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Madame Delait, the bearded lady

Clémentine Delait found fame in the early 1900s

Adrian Murphy (opens in new window) (Europeana Foundation)

Clémentine Delait was a French bearded lady who found fame in the early 20th century, making the most of her physical attributes while playing with notions of gender and creating her own celebrity.

Clémentine Clattaux was born in 1865 in Chaumousey in the Vosges region in eastern France. During her teenage years, she began to develop more hair than usual for a teenage girl, especially on her face.

Such hair growth is a rare but naturally occuring condition, known as hirsutism or hypertrichosis. There can be many causes: from ovarian cysts to medication or other conditions.

Little was known of such hormonal conditions in the 18th cenutury. Bearded women thus challenged people's notions of gender, as well as race.

White women with hair on their faces were questioned on their gender - were they men or women? Black women who had hair on their faces were racistly perceived as evidence of human's evolution from apes.

Many bearded ladies came to public attention as part of circus shows, such as Barnum & Bailey. These shows presented people with naturally occuring conditions as a 'curious collection of freaks', a rather exploitative and unfair way to describe them. This poster from 1899 shows one such bearded lady.

Madame Delait, however, took more control over her image.

In 1900, she visited a carnival and saw a bearded lady, but was not impressed by her stubble. Having shaved her face from an early age, Clémetine Delait and her husband placed a bet that she could grow a better beard.

In 1885, she had established a café in Thaon-les-Vosges with her husband, who was a baker. The beard bet brought many customers to the Delait's cafe, who changed its name to Le Café de La Femme à Barbe (Café of the Bearded Woman).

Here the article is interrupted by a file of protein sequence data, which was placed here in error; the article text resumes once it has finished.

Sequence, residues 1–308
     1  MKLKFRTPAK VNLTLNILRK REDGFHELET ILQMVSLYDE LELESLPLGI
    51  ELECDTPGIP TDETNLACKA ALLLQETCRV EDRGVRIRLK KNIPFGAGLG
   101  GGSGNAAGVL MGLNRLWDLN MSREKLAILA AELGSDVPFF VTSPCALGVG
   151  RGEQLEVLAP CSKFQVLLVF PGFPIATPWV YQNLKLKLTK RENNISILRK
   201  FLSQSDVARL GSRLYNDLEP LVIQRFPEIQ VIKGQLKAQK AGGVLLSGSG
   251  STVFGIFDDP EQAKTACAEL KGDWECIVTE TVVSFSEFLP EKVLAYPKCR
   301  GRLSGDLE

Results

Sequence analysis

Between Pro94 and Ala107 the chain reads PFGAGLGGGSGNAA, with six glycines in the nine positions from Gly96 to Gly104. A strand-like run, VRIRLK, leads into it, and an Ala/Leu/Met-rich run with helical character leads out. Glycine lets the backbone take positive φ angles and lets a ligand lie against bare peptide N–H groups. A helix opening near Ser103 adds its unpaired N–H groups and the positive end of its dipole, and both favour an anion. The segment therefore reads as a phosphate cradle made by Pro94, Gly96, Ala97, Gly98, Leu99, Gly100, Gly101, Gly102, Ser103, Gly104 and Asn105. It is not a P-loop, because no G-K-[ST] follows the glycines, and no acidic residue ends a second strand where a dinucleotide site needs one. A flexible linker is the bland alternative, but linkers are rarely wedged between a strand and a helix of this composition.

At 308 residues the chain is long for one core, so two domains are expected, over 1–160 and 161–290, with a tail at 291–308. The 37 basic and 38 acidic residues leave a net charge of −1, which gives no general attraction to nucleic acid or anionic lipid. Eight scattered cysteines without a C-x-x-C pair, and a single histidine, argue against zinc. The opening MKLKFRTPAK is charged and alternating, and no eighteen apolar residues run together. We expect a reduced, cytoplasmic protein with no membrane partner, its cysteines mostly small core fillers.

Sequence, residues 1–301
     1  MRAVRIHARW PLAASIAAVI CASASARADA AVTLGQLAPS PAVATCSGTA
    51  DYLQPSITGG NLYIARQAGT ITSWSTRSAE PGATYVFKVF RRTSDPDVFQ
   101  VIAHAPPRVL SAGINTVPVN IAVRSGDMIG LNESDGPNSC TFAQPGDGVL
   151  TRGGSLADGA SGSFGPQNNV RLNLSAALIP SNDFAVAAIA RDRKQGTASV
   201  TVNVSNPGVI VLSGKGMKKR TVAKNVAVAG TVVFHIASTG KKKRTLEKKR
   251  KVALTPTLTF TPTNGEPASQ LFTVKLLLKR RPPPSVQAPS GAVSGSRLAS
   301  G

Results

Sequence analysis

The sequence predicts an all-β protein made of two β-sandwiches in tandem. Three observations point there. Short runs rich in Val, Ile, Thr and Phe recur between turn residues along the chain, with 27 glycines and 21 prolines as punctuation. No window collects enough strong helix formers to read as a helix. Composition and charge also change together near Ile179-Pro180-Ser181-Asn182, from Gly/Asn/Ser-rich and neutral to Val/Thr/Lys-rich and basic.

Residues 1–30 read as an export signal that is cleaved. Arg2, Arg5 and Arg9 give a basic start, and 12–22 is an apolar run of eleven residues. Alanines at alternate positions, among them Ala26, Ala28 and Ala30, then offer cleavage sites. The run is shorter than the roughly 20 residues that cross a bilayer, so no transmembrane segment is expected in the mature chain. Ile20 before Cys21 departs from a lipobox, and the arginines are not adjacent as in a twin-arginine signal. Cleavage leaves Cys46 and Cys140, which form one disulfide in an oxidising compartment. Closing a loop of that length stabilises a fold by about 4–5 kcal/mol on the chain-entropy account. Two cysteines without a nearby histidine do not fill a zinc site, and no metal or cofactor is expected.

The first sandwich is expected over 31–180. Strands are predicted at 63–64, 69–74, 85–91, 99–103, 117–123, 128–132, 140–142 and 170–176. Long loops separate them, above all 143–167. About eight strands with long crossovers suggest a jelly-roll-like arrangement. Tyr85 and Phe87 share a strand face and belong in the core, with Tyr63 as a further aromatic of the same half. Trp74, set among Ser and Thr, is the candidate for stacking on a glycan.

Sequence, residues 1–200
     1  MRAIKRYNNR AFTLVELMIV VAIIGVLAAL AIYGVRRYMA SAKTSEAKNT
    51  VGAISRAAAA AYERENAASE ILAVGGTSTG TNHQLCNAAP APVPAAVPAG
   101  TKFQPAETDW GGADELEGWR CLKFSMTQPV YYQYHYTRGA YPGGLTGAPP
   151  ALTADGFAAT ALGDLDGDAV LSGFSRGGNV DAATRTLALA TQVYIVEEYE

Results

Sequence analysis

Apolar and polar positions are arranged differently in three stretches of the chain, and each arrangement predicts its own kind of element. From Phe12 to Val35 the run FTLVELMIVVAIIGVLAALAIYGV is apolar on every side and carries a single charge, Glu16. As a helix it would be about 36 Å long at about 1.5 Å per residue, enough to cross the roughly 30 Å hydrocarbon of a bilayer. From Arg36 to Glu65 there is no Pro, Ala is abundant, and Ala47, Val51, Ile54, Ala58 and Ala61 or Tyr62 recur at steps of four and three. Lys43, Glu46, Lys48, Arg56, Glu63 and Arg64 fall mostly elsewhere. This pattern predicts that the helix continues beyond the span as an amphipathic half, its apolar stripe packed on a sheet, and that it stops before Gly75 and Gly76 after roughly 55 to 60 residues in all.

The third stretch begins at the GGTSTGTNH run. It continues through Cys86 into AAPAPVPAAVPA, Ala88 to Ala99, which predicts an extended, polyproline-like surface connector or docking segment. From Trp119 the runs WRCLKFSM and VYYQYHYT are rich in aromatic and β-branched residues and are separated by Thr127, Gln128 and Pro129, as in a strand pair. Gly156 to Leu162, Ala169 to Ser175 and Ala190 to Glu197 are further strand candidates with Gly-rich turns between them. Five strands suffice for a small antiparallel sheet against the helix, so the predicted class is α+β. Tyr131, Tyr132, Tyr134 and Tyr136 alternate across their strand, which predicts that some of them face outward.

From then on, she began to wear a curly beard.

In 1904, she received permission from the authorities to wear men's clothes, as it was illegal for women to wear masculine clothing.

Taking advantage of her fame, Delait posed for many photographers who published postcards of Madame Delait, the Bearded Lady. She poses in the photographs, adopting both traditionally feminine and masculine gestures and clothing.

During World War One, she worked for the Red Cross. French soldiers in World War One were known by the nickname Poilu, which means hairy. Madame Delait was perfectly placed to be adopted as a mascot - many postcards featuring her circulated during the conflict.

black and white photograph, bearded woman in a long coat standing by a small airplane

After World War One, the Delaits adopted a daughter, Fernande whose parents had died in the Spanish flu epidemic. They opened a haberdashery in Plombières-les-Bains.

As her fame become international, Madame Delait was invited to join PT Barnum's circus. She declined, deciding to stay with her husband who suffered from rheumatism. Instead, she travelled around Europe, meeting many famous personalities inlcuding royalty and heads of state.

She became a widow in 1928, thereafter re-opening a bar where she stars in cabaret shows.

In 1934, Madame Delait's memoirs were published, compiled by local journalist Paul Ramber. You can read them here (in French).

Clémentine Delait died in 1939, aged 74. On her gravestone, the text reads, 'here lies Clémentine Delait, the Bearded Woman', as she wished.

Women's History France